Central Park Zoo Application Online – Jobs & Careers
The Central Park Zoo is a small 6.5-acre (2.6 ha) zoo located in Central Park in New York City. It is part of an integrated system of four zoos and the New York Aquarium managed by the Wildlife Conservation Society (WCS), and is accredited by the Association of Zoos and Aquariums (AZA).
The zoo began in the 1860s as a menagerie, making it the first official zoo to open in New York. The zoo was modified in 1934, with the addition of many new buildings ranged in a quadrangle around the sea lion pool. (The zoo from this era has been commonly known as the “”1934 Zoo”” or “”Robert Moses Zoo””.) Finally, the zoo was renovated in the mid-1980s and reopened in 1988, replacing the old-fashioned cages with naturalistic environments.
Minimum Work Age;Â 18 years old
Central Park Zoo Working Hours;Â Open every day: 10:00am-5:30pm
Job Positions at Central Park Zoo;Â Customer Service Representative, Administrative Assistant, Sales Associate, Maintenance Technician, 4D Theatre Associate, Admissions Associate, Assistant Merchandise Manager, Parks and Grounds Manager, Chef, Comfort Station Attendant, Butterfly Garden Associate, Congo Basin Program Manager, Curatorial Science Fellow, District Worker, Federal Affairs Associate, Graphic Specialist, Parking Attendant, Group Sales Manager, Human Resources Coordinator, Kitchen Associate, Mechanic, Marketing Promoter, Public Programming Associate, Purchasing Agent, Restaurant Maintenance Associate, Ride Associate, Porter, Shuttle Driver, Animal Keeper, Animal Trainer, Veterinary Technician, Marine Director
Printable Application Form or PDF;Â No.Â visit official site.
Central Park Zoo Job OpportunitiesÂ
From ï¬eld science and conservation policy to non-proï¬t management and park operations, career opportunities at WCS are as diverse as their work. WCS’s nearly 4,000 staff members in New York City and around the world work to change attitudes toward nature and help people imagine wildlife and humans living in harmony. If you’re talented and committed to making a difference for wildlife and wild places, would you Â you to join their efforts.
More information on Central Park Zoo
The zoo was not part of the original “”Greensward”” design for Central Park created by Olmsted and Vaux, but a Central Park menagerie near New York’s Arsenal, on the edge of Central Park located at Fifth Avenue facing East 64th Street, spontaneously evolved in 1859 from gifts of exotic pets and other animals informally given to the Park; the original animals on display included a bear and some swans. In 1864, a formal zoo received charter confirmation from New York’s assembly, making it the United States’s second publicly owned zoo, after the Philadelphia Zoo, which was founded in 1859. The new zoo was given permanent quarters behind the Arsenal building in 1875.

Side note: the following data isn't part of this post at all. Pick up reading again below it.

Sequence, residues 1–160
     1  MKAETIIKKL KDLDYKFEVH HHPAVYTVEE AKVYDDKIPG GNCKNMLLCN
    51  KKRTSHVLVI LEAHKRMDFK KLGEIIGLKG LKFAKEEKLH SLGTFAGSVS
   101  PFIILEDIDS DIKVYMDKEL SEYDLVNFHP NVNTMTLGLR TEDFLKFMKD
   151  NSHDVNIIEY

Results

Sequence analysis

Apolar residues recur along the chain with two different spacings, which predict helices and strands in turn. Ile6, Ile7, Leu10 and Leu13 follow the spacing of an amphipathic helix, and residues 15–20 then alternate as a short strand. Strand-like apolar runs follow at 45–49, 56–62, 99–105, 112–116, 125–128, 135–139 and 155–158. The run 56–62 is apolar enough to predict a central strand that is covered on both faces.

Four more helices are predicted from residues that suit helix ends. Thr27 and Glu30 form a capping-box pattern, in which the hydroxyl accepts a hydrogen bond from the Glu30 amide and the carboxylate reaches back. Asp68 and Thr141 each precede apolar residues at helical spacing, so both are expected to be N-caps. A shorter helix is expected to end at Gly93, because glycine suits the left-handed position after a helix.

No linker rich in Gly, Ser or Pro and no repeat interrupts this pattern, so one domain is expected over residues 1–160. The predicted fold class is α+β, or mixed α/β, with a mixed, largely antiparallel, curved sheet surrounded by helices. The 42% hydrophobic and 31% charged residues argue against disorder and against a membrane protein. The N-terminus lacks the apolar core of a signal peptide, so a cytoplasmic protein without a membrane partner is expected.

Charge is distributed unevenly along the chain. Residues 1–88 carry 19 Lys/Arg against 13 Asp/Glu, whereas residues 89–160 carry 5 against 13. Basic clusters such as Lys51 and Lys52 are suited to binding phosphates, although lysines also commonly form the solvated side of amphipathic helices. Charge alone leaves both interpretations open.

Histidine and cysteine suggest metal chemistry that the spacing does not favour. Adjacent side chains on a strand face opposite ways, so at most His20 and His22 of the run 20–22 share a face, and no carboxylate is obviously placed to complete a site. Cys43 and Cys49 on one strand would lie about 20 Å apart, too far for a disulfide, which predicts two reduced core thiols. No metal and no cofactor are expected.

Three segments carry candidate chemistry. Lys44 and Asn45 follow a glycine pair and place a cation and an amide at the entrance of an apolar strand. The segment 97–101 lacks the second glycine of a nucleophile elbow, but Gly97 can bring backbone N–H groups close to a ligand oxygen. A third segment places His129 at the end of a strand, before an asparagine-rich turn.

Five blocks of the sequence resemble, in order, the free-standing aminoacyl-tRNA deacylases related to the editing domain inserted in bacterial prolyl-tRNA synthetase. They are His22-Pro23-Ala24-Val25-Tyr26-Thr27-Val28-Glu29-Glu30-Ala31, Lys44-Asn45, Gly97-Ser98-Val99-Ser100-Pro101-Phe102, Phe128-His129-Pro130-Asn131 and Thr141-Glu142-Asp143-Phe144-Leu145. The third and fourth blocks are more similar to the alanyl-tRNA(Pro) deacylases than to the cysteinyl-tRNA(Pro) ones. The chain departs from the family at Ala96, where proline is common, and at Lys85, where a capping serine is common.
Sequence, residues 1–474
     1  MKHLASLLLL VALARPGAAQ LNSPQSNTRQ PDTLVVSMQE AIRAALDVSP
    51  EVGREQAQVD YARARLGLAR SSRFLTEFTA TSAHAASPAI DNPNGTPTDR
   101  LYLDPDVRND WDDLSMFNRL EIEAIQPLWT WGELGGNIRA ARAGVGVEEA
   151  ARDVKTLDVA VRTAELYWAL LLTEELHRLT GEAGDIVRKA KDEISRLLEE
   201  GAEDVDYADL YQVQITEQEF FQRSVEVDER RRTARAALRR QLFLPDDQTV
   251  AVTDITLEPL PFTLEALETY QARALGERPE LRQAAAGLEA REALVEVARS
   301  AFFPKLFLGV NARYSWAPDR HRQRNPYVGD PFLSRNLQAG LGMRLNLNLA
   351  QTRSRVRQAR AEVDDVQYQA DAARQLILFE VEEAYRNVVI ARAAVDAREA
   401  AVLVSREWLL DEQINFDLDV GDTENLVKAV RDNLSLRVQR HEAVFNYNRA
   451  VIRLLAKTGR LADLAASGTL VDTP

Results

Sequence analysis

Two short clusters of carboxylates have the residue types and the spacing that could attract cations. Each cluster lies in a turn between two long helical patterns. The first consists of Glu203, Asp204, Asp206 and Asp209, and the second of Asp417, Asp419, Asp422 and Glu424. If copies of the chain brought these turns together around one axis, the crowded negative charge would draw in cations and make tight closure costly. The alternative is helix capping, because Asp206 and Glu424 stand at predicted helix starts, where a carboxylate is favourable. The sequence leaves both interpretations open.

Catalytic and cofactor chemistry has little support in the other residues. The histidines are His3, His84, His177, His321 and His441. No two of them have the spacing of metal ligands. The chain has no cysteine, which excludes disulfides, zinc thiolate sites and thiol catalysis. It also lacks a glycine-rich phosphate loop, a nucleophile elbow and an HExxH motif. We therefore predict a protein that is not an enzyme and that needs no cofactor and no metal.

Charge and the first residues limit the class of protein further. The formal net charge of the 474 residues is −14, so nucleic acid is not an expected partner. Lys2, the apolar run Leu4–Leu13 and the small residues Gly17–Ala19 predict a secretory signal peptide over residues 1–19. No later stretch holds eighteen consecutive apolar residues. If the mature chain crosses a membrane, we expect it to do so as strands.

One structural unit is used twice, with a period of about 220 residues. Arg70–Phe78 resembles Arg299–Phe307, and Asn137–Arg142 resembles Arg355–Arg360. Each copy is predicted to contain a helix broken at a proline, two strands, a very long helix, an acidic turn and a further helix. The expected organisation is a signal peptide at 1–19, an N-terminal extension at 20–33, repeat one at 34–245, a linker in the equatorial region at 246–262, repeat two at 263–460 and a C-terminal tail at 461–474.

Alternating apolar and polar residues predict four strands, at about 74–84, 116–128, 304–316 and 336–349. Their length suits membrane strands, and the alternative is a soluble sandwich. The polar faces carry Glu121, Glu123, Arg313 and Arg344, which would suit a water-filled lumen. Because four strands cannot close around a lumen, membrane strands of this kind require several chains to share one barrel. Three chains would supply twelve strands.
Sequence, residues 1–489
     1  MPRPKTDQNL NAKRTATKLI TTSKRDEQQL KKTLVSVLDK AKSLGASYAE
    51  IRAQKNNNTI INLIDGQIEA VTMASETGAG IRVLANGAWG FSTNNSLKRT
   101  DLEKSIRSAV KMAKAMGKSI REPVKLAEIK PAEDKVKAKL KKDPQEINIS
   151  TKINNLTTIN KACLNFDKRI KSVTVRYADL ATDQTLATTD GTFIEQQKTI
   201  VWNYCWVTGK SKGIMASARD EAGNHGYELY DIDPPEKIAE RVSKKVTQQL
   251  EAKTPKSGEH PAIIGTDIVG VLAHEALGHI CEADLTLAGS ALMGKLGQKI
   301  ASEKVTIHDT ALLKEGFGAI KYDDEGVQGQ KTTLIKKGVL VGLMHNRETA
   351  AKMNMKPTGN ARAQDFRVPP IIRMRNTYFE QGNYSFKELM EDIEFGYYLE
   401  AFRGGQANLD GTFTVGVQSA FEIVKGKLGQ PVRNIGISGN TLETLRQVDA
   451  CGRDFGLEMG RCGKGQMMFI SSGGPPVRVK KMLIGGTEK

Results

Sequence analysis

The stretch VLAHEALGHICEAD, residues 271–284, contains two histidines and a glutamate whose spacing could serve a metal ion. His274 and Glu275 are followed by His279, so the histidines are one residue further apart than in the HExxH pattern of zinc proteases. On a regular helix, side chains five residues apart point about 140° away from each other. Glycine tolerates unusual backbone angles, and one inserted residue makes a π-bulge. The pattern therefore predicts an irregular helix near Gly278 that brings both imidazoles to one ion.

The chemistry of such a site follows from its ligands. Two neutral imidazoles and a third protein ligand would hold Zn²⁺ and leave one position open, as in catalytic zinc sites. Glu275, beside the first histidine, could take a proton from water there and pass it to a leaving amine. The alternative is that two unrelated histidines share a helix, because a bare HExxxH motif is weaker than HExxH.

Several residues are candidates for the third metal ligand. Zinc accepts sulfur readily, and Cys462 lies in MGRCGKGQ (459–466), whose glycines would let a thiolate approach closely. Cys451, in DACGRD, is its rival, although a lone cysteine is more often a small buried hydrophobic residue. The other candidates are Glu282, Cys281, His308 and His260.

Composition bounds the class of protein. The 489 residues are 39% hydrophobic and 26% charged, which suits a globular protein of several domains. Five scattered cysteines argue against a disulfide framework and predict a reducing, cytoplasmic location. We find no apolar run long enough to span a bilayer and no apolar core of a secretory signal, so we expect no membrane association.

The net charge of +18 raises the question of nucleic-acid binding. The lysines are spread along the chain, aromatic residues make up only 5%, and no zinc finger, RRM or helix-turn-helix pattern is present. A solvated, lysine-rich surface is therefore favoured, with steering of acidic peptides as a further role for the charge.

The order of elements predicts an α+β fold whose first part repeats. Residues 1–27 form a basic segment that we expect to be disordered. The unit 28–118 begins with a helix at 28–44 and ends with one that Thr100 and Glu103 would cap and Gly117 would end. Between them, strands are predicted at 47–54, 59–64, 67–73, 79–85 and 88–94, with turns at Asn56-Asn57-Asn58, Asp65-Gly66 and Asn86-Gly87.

In 1934, to properly house the zoo, neo-Georgian brick and limestone zoo buildings ranged in a quadrangle round the sea lion pool were designed by Aymar Embury II, architect for the Triborough Bridge and the Henry Hudson Bridge (WPA Guide). The famous sea lion pool itself was originally designed by Charles Schmieder. For its day the sea lion pool was considered advanced because the architect actually studied the habits of sea lions and incorporated this knowledge into the design.
The zoo’s original Children’s Zoo opened in 1961, funded largely in part by Senator Herbert Lehman and his wife Edith. The children’s zoo featured attractions like a petting area with ducks, rabbits, and chickens; a large fiberglass whale statue dubbed “”Whaley”” (which acted as the entrance to the small zoo); a Noah’s Ark feature; and a medieval castle feature.
By 1980, the zoo, like Central Park itself, was dilapidated; in that year, responsibility for its management was assumed by the New York Zoological Society (renamed the Wildlife Conservation Society in 1993). The zoo was closed in the winter of 1983, and demolition began. The redesign of 1983â€“88 was executed by the architectural firm of Kevin Roche, Dinkeloo. The facility’s old-fashioned menagerie cages were replaced with more naturalistic exhibits. The zoo reopened to the public on August 8, 1988.The newly renovated zoo had originally been planned to reopen in 1985 at a cost of $14 million; however, the project saw troubled times that delayed the opening for three years. Some of the original buildings, with their low-relief limestone panels of animals, were reused in the redesigning, though the cramped outdoor cages were demolished. Most of the large animals were rehoused in larger, more natural spaces at the Bronx Zoo. The central feature of the original zoo, ranged round the sea lion pool, was retained and the pool redesigned. Since its modernization, the Central Park Zoo, originally available to parkgoers free of charge, charges admission to its enclosed precincts. The Dancing Crane Cafe, however, is still accessible from Central Park itself.
With the help of a $4.5 million grant from businessman Laurence A. Tisch, the Children’s Zoo was renovated and renamed the Tisch Children’s Zoo in 1997. In 2009, the Allison Maher Stern Snow Leopard Exhibit opened, housing three snow leopards from the Bronx Zoo.